Titters and witters with Sarah
"Sarah Kennedy is an anomaly on grown-up BBC Radio: a female presenter d'un certain age who is neither an ex-performer nor born of News. Instead she brings with her the whiff of the home-mixed cocktail and the rustle of the Daily Mail - never happier than when giggling at modern life.
Her programme runs for just 90 minutes, from 6am to 7.30am; a job share with Wogan (7.30-9.30am), who is far too established to present a full, three-hour breakfast show. Though their styles are similar, Sarah can't help putting her foot in it. Her most recent gaffe was to report that she couldn't see a black man in the dark until he smiled. She apologised, but you fear that she doesn't know quite why.
On Tuesday she carefully read out a letter from a 53-year-old listener who'd taken her life in her hands and travelled on the tube. 'There was a group of Asian... erm... people,' said Kennedy, clearly worried that she might be using the wrong term. And, blimey, one of these 'people' offered the listener his seat! 'Their behaviour was exemplary!' read out Sarah. Hallelujah! Play them a record! And then wonder why anyone needed to know that they were Asian!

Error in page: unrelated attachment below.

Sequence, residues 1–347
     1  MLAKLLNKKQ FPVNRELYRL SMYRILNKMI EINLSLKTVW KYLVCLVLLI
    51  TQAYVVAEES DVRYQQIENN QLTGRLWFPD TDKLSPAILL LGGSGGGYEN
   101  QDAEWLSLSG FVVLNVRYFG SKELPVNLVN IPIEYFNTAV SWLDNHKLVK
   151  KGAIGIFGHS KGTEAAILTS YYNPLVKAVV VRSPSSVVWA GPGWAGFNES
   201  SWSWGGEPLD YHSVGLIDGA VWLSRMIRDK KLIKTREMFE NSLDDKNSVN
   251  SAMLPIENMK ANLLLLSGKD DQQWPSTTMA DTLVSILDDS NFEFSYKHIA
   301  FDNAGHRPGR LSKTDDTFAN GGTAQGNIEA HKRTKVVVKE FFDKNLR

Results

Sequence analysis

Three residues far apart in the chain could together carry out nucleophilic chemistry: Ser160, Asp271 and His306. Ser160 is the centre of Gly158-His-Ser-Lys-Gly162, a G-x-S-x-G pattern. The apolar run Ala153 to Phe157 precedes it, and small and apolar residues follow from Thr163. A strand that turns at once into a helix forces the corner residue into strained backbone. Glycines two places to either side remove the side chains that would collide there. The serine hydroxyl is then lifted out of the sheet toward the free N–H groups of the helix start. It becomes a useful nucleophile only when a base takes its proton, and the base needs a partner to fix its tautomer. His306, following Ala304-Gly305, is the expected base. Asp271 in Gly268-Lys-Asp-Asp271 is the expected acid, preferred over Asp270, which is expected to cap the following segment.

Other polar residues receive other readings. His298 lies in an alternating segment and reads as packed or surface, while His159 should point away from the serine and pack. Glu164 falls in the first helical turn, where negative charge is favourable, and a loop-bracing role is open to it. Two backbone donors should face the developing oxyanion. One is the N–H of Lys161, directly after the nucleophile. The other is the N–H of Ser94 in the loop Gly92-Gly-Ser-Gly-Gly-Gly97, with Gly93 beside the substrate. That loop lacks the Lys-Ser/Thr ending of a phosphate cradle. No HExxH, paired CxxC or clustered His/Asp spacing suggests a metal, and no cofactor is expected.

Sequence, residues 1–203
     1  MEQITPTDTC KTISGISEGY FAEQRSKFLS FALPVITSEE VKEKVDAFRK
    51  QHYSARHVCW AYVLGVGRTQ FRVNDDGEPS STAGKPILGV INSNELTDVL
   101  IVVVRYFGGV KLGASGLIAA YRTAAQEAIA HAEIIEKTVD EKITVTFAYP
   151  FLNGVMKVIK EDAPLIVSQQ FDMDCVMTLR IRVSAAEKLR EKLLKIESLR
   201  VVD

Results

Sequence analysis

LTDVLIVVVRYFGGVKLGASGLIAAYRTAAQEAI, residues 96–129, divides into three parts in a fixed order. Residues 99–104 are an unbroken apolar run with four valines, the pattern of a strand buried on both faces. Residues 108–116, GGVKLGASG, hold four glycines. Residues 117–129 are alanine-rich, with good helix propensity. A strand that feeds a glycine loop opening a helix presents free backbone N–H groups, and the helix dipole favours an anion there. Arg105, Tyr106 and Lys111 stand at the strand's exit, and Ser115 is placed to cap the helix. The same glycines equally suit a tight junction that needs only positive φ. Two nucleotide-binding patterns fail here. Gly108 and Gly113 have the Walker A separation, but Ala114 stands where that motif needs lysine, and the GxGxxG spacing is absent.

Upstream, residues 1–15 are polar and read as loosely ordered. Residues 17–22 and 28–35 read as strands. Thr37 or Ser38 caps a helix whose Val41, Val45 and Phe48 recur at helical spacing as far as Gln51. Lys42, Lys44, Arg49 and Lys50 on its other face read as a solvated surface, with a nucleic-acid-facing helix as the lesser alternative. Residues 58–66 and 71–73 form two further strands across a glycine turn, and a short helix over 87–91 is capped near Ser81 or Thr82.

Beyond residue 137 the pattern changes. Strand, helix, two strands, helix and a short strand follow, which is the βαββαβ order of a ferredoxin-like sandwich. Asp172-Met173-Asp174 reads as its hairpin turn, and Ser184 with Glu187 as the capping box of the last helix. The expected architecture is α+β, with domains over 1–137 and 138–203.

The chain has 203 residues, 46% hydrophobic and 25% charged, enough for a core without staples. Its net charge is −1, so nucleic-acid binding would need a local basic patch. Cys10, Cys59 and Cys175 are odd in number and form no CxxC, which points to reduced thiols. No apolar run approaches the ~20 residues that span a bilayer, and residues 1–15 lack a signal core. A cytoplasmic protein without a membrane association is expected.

If you start your day with Sarah, your life takes on a butterfly quality. One minute she's treating you to her 'mazin' observations - 'I saw my first kingfisher up at Ludlow. They're tiny!' 'Why can't Ruth Kelly have a law that bicycles must have a light on them?' 'Everybody I know has got colds' - and the next she's wondering who the next record is by. 'Who have we got here? Terence Trent D'Arby? Ah.' Plus, she insists on reading things out - an Oscar Wilde poem (Tuesday), a letter about chicken feed (Wednesday), an entire news piece on shoes that cure sweaty feet (Thursday). If you heard this stuff on local radio, you'd feel short-changed. A small titter, a lengthy witter, that's Sarah's formula. It can't last."